Vulnerability and its discontents: the past, present, and future of climate change vulnerability research
Ford, J.D., Pearce, T.D., McDowell, G., Berrang-Ford, L., Sayles, J.S. and Belfer, E. (2018). Vulnerability and its discontents: the past, present, and future of climate change vulnerability research. Climatic Change, published online.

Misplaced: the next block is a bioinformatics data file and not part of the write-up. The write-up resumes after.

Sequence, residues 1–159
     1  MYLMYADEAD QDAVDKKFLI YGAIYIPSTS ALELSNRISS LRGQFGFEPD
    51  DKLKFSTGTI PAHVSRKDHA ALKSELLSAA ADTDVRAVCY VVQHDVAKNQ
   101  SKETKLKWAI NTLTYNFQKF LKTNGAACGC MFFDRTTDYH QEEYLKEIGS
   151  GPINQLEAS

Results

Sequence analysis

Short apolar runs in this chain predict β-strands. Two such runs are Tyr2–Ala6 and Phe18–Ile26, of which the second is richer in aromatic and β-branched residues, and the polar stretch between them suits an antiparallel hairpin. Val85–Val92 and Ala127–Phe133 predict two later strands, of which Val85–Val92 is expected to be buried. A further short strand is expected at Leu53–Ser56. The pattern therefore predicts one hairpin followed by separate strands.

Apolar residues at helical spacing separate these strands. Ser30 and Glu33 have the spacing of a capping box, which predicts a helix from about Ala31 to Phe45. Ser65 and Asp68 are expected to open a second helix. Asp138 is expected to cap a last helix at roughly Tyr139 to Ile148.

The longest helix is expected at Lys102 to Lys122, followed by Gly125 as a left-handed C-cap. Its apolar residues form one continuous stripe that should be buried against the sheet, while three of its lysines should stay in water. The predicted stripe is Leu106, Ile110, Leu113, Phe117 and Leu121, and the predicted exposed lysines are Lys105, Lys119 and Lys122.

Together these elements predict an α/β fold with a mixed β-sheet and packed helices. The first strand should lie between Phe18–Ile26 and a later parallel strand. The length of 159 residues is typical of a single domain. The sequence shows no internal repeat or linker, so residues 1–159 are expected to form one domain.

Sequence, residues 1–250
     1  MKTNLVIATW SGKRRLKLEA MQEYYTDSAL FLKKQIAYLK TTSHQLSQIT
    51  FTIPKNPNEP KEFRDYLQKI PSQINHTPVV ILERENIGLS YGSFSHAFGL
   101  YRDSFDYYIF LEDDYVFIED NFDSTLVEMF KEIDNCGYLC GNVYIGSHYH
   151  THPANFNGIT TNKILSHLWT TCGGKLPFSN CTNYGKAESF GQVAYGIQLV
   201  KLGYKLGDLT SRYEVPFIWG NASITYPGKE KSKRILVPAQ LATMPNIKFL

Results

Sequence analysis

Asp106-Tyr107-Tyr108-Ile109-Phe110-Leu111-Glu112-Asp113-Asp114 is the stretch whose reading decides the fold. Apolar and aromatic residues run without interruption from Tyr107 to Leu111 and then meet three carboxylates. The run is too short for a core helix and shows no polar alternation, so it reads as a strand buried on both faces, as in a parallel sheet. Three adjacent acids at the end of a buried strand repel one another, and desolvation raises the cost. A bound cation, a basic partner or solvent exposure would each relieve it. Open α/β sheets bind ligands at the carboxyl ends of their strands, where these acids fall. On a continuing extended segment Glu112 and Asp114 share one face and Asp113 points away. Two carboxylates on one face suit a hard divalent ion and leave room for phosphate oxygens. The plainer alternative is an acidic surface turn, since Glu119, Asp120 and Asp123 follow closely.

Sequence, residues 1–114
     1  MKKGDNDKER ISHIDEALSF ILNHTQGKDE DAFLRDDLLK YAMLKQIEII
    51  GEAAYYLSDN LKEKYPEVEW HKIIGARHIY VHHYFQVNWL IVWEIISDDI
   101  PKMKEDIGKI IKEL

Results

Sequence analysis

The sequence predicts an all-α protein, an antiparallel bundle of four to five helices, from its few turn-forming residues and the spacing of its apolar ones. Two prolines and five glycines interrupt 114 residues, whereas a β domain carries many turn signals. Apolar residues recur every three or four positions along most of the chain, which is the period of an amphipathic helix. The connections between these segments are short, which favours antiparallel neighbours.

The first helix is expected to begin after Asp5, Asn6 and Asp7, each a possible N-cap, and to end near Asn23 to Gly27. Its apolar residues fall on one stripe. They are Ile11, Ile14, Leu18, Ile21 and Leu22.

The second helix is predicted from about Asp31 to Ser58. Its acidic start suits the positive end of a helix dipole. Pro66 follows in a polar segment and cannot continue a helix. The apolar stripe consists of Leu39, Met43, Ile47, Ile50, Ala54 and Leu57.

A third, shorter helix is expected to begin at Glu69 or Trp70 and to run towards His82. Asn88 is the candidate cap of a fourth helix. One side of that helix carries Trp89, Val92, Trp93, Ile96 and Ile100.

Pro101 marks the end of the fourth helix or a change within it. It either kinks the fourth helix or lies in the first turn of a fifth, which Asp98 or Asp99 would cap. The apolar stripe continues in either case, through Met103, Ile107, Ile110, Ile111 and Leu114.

The concept of vulnerability is well established in the climate change literature, underpinning significant research effort. The ability of vulnerability research to capture the complexities of climate-society dynamics has been increasingly questioned, however. In this paper, we identify, characterize, and evaluate concerns over the use of vulnerability approaches in the climate change field based on a review of peer-reviewed articles published since 1990 (n = 587). Seven concerns are identified: neglect of social drivers, promotion of a static understanding of human-environment interactions, vagueness about the concept of vulnerability, neglect of cross-scale interactions, passive and negative framing, limited influence on decision-making, and limited collaboration across disciplines. Examining each concern against trends in the literature, we find some of these concerns weakly justified, but others pose valid challenges to vulnerability research. Efforts to revitalize vulnerability research are needed, with priority areas including developing the next generation of empirical studies, catalyzing collaboration across disciplines to leverage and build on the strengths of divergent intellectual traditions involved in vulnerability research, and linking research to the practical realities of decision-making.